Chakma-Hajong voting rights: Numbers do matter

[ Nani Bath ]
Following an order of the Election Commission of India (ECI), 1,497 ‘eligible’ Chakmas and Hajongs were included in the state’s electoral rolls in 2004. The list included 323 voters in Chowkham (ST), 1,164 in Bordumsa-Diyun, and 10 in Miao (ST) assembly constituencies (AC).
According to a statement issued by the chief minister, 5,097 Chakmas and Hajongs have been granted voting rights in the state. However, as per the calculation of our research team, there are 4,707 registered Chakma and 417 Hajong voters.
In Doimukh (ST) AC, of the total 2,065 Chakma population, 619 Chakmas have been enrolled. There are 2,153 Chakmas in Chowkham (ST) AC, and 511 Chakmas have been enrolled.
In Miao (ST) AC, of the total 10,856 Chakma population, 569 Chakmas have been enrolled as voters. The assembly constituency of Bordumsa-Diyun (General) has a total electorate of 18,188. There are 3, 020 Chakma voters, who constitute 16.6 percent of the total electorate.
In 2003, the Committee for the Citizenship Rights of Chakmas of Arunachal Pradesh had represented to the ECI, complaining about the non-inclusion of eligible Chakmas in the electoral rolls. The ECI ordered an inquiry into the issue, and on the basis of the inquiry report, the commission ordered a special summary revision of the electoral rolls in the four assembly constituencies.
The summary revision was done by the electoral registration officers (ERO) of the respective assembly constituencies, and in the process of this exercise, a total of 1,497 claims of the Chakmas were accepted for inclusion in the electoral rolls.
However, after the order of special revision by the ECI, the state cabinet, by a resolution (May 2003), directed that non-Arunachalees would not be entitled to be enrolled in the electoral rolls in the state unless they possessed inner line permits (ILP).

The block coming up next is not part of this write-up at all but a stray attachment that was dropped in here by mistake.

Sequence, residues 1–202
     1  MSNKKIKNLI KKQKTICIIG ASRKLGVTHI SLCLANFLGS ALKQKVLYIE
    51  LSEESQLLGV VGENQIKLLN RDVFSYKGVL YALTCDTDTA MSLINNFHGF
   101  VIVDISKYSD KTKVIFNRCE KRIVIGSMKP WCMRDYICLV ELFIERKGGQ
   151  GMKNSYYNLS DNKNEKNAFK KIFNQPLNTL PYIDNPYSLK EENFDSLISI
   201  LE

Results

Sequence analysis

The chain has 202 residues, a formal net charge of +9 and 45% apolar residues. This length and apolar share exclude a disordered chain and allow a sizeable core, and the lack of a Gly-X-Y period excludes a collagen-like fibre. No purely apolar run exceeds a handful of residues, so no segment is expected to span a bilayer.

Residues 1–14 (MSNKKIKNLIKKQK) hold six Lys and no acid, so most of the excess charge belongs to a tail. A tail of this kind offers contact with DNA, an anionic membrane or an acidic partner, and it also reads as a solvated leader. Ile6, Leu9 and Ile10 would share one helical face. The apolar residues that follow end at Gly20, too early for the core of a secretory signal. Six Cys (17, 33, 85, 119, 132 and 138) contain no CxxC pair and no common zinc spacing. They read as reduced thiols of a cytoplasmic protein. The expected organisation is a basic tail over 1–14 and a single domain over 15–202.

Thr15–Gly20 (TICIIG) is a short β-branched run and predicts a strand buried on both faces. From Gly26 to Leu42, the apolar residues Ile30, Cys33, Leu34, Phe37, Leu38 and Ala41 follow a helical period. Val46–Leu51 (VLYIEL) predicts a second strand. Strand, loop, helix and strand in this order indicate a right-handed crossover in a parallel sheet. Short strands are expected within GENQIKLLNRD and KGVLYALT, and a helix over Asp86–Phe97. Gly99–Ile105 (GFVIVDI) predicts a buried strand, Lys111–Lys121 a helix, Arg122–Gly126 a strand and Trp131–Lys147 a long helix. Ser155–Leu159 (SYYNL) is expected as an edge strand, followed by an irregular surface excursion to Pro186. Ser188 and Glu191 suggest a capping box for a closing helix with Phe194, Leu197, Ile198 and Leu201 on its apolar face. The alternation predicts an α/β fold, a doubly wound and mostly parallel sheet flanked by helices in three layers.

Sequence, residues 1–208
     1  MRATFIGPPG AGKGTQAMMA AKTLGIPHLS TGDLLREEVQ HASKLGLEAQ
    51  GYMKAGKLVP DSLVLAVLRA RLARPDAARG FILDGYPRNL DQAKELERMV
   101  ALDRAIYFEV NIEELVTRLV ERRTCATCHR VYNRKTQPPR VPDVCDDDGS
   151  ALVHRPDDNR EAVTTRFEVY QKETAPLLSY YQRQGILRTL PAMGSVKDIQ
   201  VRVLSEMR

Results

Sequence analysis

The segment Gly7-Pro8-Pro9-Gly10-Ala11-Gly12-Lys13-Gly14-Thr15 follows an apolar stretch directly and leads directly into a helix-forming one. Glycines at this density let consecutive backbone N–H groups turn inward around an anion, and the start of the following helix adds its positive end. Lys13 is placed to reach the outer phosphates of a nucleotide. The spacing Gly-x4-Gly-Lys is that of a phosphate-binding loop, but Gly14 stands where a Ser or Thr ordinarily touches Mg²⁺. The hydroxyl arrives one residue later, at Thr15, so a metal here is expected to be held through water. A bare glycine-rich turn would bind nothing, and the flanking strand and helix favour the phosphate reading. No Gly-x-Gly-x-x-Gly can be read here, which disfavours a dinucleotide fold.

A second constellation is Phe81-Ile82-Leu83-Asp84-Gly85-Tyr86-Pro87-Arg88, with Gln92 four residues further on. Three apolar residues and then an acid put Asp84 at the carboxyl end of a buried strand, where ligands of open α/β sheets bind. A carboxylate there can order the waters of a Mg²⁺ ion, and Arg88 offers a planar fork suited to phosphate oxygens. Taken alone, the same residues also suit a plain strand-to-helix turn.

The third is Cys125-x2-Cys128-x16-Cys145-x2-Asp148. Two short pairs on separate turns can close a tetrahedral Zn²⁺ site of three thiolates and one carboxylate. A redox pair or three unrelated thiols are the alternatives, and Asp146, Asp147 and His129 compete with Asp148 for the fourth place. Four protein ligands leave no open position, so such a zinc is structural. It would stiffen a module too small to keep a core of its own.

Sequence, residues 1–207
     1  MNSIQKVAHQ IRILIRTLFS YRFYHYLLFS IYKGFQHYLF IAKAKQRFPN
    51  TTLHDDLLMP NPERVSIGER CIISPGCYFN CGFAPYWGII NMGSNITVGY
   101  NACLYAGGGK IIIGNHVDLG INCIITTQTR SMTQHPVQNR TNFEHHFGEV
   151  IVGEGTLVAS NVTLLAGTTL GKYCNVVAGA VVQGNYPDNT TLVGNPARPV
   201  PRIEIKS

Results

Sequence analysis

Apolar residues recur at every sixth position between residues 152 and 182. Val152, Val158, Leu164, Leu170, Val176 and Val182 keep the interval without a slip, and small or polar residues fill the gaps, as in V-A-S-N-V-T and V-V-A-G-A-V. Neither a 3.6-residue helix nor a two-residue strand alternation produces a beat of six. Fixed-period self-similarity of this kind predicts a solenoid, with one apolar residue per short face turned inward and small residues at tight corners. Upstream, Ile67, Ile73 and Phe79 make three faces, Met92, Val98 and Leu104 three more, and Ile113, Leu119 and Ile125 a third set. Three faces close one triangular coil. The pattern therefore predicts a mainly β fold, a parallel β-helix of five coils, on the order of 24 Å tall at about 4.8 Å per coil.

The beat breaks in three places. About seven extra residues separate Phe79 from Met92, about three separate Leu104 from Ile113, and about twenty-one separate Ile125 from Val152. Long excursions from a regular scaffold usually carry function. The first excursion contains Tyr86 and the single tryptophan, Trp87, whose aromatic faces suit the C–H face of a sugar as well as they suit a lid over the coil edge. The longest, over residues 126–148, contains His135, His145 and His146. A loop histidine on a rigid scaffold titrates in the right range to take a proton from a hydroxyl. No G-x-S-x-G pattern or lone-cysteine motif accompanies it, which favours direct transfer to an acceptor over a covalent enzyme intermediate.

Based on the cabinet resolution, the EROs concerned reviewed their earlier decisions and rejected the claims of all 1,497 earlier accepted claimants for inclusion in the electoral rolls.
The ECI took strong exception to the state cabinet resolution. As instructed by the commission, the EROs were directed by the state’s chief electoral officer (CEO) to revive their earlier decisions to include the names of Chakmas.
It was, however, informed by the CEO to the commission that the EROs of the assembly constituencies concerned failed to follow the commission’s instructions asking them to revive their earlier decisions.
The commission passed an order (January 2004), stating that “it shall not conduct any elections or carry out any election related work in these four assembly constituencies unless the state cabinet withdrew or amended appropriately its resolution.”
As the parliamentary election was closing, the commission’s earlier order was superseded. A fresh direction was issued for publication of the 2003 electoral rolls with all the names of Chakmas which the EROs had earlier accepted for inclusion in the four assembly constituencies.
An intensive revision of the electoral rolls in the entire state of Arunachal Pradesh was ordered by the ECI. In addition to the detailed guidelines, specific guidelines were included for the areas having substantial presence of Chakma and Hajong refugees.
Even after issuance of the aforesaid guidelines, the revision of the electoral rolls in respect of the four Chakma-inhabited assembly constituencies was delayed. It was because the EROs did not accept the birth certificates produced by the Chakmas on the ground that the same were issued without following the procedure prescribed by the Births and Deaths Act, 1969.
In its subsequent order, the ECI ordered a special summary revision of the electoral rolls in respect of the four assembly constituencies.
A public interest litigation (PIL) was filed in the Gauhati high court by the All Arunachal Pradesh Students’ Union (AAPSU) against the guidelines of the ECI. The petitioner’s contention was that the guidelines issued by the commission contradict the “provisions of law and also in violation of the constitutional safeguards provided to the people of Arunachal Pradesh.”